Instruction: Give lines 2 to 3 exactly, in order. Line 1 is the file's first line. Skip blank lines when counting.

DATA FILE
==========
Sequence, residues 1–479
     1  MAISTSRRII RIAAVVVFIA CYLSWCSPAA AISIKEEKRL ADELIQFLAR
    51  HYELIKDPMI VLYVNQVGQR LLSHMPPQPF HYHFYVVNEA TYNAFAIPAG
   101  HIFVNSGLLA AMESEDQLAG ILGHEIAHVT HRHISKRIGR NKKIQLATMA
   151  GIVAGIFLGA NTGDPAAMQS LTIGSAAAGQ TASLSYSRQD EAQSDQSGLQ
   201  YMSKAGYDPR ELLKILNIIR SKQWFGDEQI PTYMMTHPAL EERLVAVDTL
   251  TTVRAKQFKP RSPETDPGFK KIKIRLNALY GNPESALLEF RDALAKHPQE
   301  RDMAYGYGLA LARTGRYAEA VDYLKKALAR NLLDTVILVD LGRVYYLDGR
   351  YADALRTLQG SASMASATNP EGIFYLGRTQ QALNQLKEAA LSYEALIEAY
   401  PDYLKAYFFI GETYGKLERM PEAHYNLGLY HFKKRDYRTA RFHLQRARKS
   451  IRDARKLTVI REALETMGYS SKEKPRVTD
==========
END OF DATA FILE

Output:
     1  MAISTSRRII RIAAVVVFIA CYLSWCSPAA AISIKEEKRL ADELIQFLAR
    51  HYELIKDPMI VLYVNQVGQR LLSHMPPQPF HYHFYVVNEA TYNAFAIPAG